Google Analytics can be a scary thing when you first start using your account. There are numbers everywhere, with no real explanation of what data means what. By default, Google Analytics grabs as much data about people using your site as it can, and it just lays it out there for you to fiddle with. Read on and I’ll let you know how to roll up your sleeves and get your hands dirty with it.
First of all, Don’t Be AfraidGoogle Analytics - they’re just numbers! Remember that - and once you have a raw data view (referenced a bit later in this post) you should feel free to experiment because you cannot break it.
Google works a bit backward than what you would think…It actually sifts data coming in from the front, only allowing data in based on your filters, and then finally processing into your views.
Unfortunately, this means that any filters or alterations made are permanent, since Google Analytics does not retain any data that is filtered out after processing.
Making Sure You Have the Right DataThe first priority on the road to making sure you are getting the right data is to make sure that the Google Analytics code is added to your site.
You can get this code from the admin section under the middle property column under tracking code.
Is Data Coming In?
There are two really easy ways to find out if data is coming in after the code is installed on your site.
Additionally, you should be able to see current users in the Real Time report. This report shows you what the analytics code is sending to analytics for current activity on your site.
Is the Data Correct?
To verify if your data is correct, I usually go to pages throughout the site and verify that each page is coming through correctly real time. These pageviews can also be triggered from a crawler to save time.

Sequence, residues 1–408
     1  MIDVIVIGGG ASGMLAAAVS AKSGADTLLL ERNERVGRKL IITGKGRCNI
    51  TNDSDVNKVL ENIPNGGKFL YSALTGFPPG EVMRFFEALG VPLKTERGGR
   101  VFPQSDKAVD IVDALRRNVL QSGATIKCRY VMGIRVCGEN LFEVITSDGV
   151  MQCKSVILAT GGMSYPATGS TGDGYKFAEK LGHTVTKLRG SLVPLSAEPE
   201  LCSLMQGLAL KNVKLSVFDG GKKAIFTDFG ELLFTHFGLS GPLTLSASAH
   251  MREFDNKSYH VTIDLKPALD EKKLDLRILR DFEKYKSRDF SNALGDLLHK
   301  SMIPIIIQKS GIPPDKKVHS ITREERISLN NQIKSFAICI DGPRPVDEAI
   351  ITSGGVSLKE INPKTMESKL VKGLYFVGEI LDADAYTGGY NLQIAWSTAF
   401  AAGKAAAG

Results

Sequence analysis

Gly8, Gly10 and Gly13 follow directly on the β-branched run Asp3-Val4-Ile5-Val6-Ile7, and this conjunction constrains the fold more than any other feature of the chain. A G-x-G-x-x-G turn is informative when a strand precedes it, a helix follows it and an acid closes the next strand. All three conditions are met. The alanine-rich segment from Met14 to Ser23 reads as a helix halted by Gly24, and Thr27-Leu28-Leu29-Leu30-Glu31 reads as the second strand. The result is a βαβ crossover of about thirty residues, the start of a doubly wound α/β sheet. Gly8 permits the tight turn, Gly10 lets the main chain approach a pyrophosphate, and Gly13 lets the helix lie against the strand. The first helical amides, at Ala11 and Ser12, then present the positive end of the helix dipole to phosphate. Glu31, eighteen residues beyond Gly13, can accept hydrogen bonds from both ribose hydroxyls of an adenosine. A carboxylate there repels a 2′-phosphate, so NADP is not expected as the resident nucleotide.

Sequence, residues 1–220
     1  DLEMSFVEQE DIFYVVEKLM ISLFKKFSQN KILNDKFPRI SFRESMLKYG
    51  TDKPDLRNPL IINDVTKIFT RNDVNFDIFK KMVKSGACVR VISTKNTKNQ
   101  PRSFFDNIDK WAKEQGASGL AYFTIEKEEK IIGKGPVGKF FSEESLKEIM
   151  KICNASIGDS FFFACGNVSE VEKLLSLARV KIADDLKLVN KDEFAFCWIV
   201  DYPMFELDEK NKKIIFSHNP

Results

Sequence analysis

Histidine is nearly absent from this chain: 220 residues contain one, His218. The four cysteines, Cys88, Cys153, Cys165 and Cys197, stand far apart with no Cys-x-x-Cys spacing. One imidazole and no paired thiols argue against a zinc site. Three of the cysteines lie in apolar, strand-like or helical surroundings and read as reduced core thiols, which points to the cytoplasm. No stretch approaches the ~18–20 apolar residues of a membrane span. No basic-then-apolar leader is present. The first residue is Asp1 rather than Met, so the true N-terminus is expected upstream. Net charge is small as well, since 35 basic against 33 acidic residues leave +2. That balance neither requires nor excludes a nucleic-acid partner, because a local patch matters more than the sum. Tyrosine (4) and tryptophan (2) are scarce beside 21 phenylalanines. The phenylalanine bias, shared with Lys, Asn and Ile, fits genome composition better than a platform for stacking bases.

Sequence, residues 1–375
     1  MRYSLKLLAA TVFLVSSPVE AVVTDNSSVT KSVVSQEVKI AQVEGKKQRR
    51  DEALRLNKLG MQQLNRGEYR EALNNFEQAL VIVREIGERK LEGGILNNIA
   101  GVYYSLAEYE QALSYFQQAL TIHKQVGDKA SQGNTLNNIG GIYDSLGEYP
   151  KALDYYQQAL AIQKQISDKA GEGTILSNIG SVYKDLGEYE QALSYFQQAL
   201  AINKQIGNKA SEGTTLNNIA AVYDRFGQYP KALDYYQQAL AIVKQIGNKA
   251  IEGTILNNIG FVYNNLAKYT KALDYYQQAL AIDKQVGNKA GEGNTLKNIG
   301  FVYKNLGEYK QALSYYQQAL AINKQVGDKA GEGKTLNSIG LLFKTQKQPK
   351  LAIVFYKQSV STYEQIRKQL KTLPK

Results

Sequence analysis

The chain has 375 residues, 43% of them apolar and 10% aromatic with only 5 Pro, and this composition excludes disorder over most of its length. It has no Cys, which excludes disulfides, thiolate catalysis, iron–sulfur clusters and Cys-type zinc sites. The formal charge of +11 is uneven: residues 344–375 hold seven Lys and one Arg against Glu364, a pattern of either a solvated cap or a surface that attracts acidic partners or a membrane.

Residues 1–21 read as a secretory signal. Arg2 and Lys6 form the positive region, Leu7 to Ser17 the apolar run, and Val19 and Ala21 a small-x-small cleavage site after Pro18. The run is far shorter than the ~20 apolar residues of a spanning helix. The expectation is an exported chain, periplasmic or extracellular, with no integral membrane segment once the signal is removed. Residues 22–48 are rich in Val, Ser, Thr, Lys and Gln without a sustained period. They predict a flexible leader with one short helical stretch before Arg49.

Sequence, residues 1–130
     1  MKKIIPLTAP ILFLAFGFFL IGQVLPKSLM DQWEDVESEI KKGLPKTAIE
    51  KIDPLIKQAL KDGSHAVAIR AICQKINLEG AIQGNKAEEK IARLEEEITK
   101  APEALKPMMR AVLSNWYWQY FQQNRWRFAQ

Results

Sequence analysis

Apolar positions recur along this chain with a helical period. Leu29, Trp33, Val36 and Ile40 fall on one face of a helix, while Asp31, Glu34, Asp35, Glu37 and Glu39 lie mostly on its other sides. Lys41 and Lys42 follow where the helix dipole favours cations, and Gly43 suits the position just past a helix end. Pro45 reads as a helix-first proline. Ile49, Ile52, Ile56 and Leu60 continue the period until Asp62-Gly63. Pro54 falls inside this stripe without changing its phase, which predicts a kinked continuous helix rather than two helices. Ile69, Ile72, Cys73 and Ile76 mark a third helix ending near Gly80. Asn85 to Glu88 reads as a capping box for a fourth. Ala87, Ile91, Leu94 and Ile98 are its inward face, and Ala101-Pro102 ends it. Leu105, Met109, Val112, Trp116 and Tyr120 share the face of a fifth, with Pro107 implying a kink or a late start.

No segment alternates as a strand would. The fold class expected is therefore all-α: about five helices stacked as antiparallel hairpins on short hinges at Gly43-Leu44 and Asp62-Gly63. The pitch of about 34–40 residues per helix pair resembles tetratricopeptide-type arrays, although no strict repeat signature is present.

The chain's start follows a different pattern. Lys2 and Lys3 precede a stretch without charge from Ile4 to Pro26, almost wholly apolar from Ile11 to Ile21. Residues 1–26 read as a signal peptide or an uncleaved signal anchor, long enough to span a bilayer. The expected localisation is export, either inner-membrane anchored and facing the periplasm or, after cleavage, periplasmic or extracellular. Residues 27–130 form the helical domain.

To be extra nerdy, you can download the Tag Assistant and Google Analytics debugger in Google Chrome.
Tag Assistant will show you all tags that are on the page, so you can verify that any analytics code is phoning home correctly. You can even use it to record and analyze a flow, meaning it will show you all the pageviews in your session.
Analytics Debugger will actually show you the specific code that is sent out and received by google by looking at the console within your browser.
Is Ecommerce turned on? (If you have ecommerce)
I’ve seen this issue often. While just adding the code to each page will give you pageviews, you indeed have to turn on ecommerce and add the ecommerce code to a confirmation page to get ecommerce data to be sent to analytics.
Making Sure You Have Clean DataOnce we know that our site is reporting data correctly, we next have to focus on having clean data. What do we mean by clean data? With a new account, we are allowing all data to be retained, and we don’t really want this. There are visits from website crawlers, spammy fake pageviews, and internal company traffic to get rid of. How do we do this? By creating a filtered view.
What Are Views?
Views are a subset of account data in analytics
Create Your Views
We will focus on creating 3 distinctive views
Raw data view is just that… untouched data that is coming in to analytics. We treat this as our backup data.
Test data view is our view that is used to test all new changes, be it settings, filters or any other modification of data.
Filtered view is our main view. This view is set up once with the filters and settings we are 100% sure are viable (copied from the test view once tested), and then we use the test view for any other changes. Make sure to seldom change this since it holds our viable data.
At Americaneagle.com, we do this for every client when we create new sites – and we can do it for your site also. Contact your account manager for details.
Don’t forget to return for part two of this blog post, where we will discuss how to maintain your data, analyze it and learn what to look out for!